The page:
Creative Ways to Foster International Awareness
A MiddleWeb Blog
I’ve been teaching internationally since 2003, and it has impacted every aspect of my life. I love sharing my experiences with my students in the hopes that they will become more globally minded and curious people. I’d like to share a few ways that I use my classroom to open the world up to my middle graders.
Incorporate Geography into All Classes
Use your maps. Schools are often full of maps that can be filler on bulletin boards. Try to get one in every classroom and mark them up as much as you can. In English class students can add a pin to the location of a book they’re reading or where an author is from. Social studies students can mark the locations they are studying, just as science students can pinpoint where discoveries were made.
Maps are a visual provocation for important questions: what areas are missing from our reading lives? Why were there so many scientific advances in certain areas of the world? Where does our curriculum focus its attention?
Make geography fun. The Institute of Play game Galactic Mappers tasks students with collaborating to create landforms on an alien planet, cementing their understanding of physical geography. Give students a chance to play Geoguessr, a game where they get a 360-degree view of a location, then must guess where in the world it is. The closer they are to the location, the more points they get. This can help students better visualize places (France isn’t just the Eiffel Tower) and become more familiar with foreign landscapes and languages.
Another interesting site is thetruesize.com, which allows you to compare the size of a country as it appears on a map with how large it actually is when dragged over other countries. I remember being fascinated when I first learned about the Mercator projection in middle school. Sites like this pique students’ curiosity about what the world really looks like.
Connect with the World
Let others help you connect. At the beginning of the year, send out an email to parents and other friends letting them know the topics you’ll be studying this year, asking if anyone has any related contacts who would like to speak with your class.
Small actions like this led to my class having amazing conversations with NASA scientists about Mars rovers, speaking with researchers who were at sea studying the world’s largest single volcano, and getting to hold a bottle of polluted water from the Great Pacific Gyre.
Before each conversation, mark the class map with the location. The more contact students have with professionals, the more realistic these careers become for them.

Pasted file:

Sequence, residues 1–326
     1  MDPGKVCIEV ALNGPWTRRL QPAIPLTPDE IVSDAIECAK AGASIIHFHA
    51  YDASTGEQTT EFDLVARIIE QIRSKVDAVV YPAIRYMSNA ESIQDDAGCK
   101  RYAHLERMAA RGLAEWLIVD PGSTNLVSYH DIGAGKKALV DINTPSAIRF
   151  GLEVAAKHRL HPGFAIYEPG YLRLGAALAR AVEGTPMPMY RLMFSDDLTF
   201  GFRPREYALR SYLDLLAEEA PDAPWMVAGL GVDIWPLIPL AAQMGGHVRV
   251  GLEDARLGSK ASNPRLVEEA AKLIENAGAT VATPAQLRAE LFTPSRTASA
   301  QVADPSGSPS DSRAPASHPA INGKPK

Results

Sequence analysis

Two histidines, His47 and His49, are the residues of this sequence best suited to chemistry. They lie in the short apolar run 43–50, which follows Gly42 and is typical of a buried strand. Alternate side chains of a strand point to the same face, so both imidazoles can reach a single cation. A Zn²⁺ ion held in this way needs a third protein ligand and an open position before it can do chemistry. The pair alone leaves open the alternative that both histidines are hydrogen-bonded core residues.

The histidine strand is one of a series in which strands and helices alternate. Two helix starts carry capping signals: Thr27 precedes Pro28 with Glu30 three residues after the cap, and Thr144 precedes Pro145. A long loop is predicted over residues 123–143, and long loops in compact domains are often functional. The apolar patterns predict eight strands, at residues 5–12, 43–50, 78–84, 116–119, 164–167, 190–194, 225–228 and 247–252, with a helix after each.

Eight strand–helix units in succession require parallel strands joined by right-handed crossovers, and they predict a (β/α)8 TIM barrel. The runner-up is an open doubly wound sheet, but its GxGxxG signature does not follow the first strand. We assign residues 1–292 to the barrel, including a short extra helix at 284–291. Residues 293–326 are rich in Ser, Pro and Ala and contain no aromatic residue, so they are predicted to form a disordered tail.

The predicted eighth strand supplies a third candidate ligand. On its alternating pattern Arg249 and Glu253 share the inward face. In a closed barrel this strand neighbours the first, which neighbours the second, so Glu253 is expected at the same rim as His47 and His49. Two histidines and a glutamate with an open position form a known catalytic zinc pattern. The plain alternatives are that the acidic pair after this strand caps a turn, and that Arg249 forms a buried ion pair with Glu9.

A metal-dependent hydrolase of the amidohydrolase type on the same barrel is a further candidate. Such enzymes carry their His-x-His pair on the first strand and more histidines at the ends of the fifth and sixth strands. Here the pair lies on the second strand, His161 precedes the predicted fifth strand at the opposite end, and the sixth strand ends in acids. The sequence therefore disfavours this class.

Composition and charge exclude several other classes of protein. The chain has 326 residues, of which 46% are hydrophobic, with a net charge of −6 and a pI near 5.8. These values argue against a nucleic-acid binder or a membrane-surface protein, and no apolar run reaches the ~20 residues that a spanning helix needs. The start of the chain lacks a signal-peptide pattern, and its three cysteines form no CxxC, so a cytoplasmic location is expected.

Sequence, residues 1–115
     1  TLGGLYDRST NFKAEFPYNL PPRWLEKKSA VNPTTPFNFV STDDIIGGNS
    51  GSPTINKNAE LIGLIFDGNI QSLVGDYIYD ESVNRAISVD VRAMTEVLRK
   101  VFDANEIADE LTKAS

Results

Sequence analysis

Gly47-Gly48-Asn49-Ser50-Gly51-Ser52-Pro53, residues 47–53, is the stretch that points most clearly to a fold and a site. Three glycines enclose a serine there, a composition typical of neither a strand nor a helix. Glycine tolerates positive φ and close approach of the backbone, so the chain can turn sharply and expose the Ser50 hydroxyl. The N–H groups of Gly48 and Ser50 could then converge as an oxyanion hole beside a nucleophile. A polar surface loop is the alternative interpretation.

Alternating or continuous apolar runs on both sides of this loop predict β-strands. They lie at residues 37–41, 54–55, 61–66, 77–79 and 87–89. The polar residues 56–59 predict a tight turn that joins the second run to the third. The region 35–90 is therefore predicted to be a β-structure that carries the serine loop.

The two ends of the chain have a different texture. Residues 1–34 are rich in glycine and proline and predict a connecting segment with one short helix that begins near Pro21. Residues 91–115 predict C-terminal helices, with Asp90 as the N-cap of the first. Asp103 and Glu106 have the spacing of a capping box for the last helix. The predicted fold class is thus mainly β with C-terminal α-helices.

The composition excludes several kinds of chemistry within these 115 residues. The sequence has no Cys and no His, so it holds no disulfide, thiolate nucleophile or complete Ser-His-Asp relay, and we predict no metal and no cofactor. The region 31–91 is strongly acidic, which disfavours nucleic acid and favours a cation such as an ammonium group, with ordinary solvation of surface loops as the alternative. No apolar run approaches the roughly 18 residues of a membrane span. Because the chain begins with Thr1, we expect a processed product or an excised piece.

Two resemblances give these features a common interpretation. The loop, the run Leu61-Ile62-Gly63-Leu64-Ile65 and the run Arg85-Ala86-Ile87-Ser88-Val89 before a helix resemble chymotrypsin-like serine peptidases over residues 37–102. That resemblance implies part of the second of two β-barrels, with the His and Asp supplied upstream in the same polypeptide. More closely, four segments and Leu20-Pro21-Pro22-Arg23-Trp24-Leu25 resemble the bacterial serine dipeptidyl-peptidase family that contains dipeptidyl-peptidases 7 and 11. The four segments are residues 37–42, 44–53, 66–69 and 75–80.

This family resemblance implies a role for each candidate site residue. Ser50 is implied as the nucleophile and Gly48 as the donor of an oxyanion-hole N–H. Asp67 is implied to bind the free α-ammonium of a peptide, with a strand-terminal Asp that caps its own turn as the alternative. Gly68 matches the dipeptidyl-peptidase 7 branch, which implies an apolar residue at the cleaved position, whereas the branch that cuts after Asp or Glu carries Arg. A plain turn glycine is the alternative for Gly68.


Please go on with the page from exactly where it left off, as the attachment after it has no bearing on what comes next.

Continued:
Take advantage of organizations that will find the contacts for you. Virginia Institute of Marine Science’s Scuttlebutt list often has opportunities for calls with marine scientists, Skype in the Classroom offers virtual field trips and guest speakers, and Exploring By The Seat Of Your Pants hosts Google Hangouts with scientists and conservationists.
Participate in a worldwide event. Every October the Global Read Aloud selects a book that is read by students around the world with as many global connections as possible. The Hour of Code is an hour-long introduction to computer science that has participants in over 180 countries.
Classrooms can plan to collaborate throughout Computer Science Week every December. A new event is the Global School Play Day, which focuses on unstructured play for students of all ages. One of the goals of GSPD is no devices, but you can still discuss with other classes in advance and share photos and blog posts after the event.
Make your Classroom a Place to Celebrate Internationalism
Incorporate current events into your class. Sarah Cooper wrote a helpful article on MiddleWeb on how to do so. We want our students to be informed and inquisitive, and studying current events fosters both of those traits. In my class, we like to watch Flocabulary’s Week in Rap, which is a two minute video that shares some highlights from around the world.
Fill your classroom with international items. If you’ve traveled, display photos or order a free poster from EF Educational Tours or a Mexico poster from ASTA. English teachers should check their collection to see that it highlights stories from around the world. Some recent favorites in my classroom are Amal Unbound by Aisha Saeed (Pakistan), Serafina’s Promise by Ann E. Burg (Haiti), Listen, Slowly by Thanhha Lai (Vietnam), and Red Butterfly by A.L. Sonnichsen (China).
My class participated in the Books Without Borders Challenge and loved sharing new international titles with each other. All teachers can add informative nonfiction books to their classrooms; the WorldGeoChat blog has a list of excellent suggestions.
Appreciating the world beyond the classroom
There are so many benefits to having internationally minded students. Learning about the world makes them more curious and appreciative of different cultures. They will find it easier to make connections in their classes and understand how politics, geography, and culture influence current events. The empathy they gain will extend beyond the classroom as they become respectful global citizens.
Photos: Megan Kelly